The European Central Bank this morning kept rates on hold at 0.75 percent and did not launch any new policies as the European economy continues to suffer under the weight of its own debt. President Mario Draghi, since launching the Outright Monetary Transactions (OMT) scheme this summer, has yet to activate the program since neither Spain nor Italy have requested a formal EU/Troika program.
In it's latest growth and inflation forecast, the Bank's economists did paint a much more bleak portrait of the European economy than they had in the previous set of forecasts. The ECB cuts its 2012 growth forecast to -0.4 to -0.6 percent annualized growth and slashed its 2013 estimate to between a 0.9 percent contraction and a 0.3 percent growth. Previously, the ECB had forecast 2013 growth to be between a 0.4 percent contraction and 1.4 percent growth. Further, the Bank cut its inflation forecasts for 2013 to between 1.1 and 2.1 percent, with the midpoint of the range below the ECB's target of 2 percent inflation.
One notable point from Draghi's press conference was his discussion of the decision to leave rates unchanged at 0.75 percent. Although the consensus forecast was for no cut in the benchmark rate, some economists have suggested that a 25 basis point cut in the rate is needed. However, Draghi said that there was a "wide discussion" on rates at the meeting and that the decisions was "taken by consensus." This could hint that the ECB Governing Council is becoming more and more divided on rates and could cut rates in the near future if the economic outlook worsens.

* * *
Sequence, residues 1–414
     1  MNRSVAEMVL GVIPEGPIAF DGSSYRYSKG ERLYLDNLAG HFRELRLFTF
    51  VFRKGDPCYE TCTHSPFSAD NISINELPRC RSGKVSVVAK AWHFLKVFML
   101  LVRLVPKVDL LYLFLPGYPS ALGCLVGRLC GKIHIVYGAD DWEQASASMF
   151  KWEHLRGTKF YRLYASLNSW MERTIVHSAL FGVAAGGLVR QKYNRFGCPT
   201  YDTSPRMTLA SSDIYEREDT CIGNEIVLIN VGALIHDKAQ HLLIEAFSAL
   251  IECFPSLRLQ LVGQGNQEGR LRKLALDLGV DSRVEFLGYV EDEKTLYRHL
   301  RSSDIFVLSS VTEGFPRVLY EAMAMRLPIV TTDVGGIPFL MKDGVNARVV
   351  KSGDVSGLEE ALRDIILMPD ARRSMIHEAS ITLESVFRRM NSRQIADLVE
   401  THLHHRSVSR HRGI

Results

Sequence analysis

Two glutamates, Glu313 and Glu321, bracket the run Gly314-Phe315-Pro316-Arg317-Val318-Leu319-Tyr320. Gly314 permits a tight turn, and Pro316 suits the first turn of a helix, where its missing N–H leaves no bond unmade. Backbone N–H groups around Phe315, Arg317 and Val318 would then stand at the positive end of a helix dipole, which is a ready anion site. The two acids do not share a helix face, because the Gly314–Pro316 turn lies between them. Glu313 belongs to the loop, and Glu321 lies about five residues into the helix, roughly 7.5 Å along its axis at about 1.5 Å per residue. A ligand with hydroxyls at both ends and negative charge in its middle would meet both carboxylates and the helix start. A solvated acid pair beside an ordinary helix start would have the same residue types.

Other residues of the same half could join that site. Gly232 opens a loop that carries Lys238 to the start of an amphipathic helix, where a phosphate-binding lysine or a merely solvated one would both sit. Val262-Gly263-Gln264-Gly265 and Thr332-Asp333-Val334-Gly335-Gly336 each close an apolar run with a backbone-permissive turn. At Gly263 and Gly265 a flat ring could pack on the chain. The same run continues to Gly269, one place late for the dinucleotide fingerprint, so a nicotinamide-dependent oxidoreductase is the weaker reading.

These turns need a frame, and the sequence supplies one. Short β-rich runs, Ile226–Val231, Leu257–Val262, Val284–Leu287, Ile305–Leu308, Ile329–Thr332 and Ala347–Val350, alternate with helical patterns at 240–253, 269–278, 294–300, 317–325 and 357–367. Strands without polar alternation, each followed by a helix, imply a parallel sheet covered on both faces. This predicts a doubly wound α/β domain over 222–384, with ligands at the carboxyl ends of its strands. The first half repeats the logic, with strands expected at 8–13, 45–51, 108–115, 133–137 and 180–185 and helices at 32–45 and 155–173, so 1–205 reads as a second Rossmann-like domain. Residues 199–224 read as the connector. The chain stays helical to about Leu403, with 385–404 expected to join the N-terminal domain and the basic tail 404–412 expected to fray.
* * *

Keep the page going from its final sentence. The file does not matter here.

Famed economist Nouriel Roubini, famously called Dr. Doom for his bearish calls in late 2007 and early 2008 before the collapse of the financial system, was on twitter this morning saying that with growth and inflation forecasts falling below the ECB targets, the Bank will have to ease in 2013. As the Bank has been against outright QE, easing will most likely come in the form of further rate cuts and the activation of the OMT, most likely by Spain and Italy in 2013.
Analysts at Credit Suisse agree with Roubini's assessment of 2013 policy. The strategists there believe that Central Banks, to make any real impact on employment in 2013, will need to drive down real 10-year bond yields to between -1.5 percent and -2 percent. With real yields hovering near -1.0 percent, this would require the banks to print significant amounts of money and make large-scale asset purchases to drive rates lower.
There are many headwinds facing the European economy in 2013, and this is reflected in the bearish forecasts for the eurozone economy. There is uncertainty as to whether the OMT will be activated by either Spain, Italy, or potentially another member of the currency zone. Also, a German downgrade, as rumored about in the first quarter of 2013, could spark a new round of the crisis which calls into question the finances of the healthy countries, let alone the failing peripheral states.
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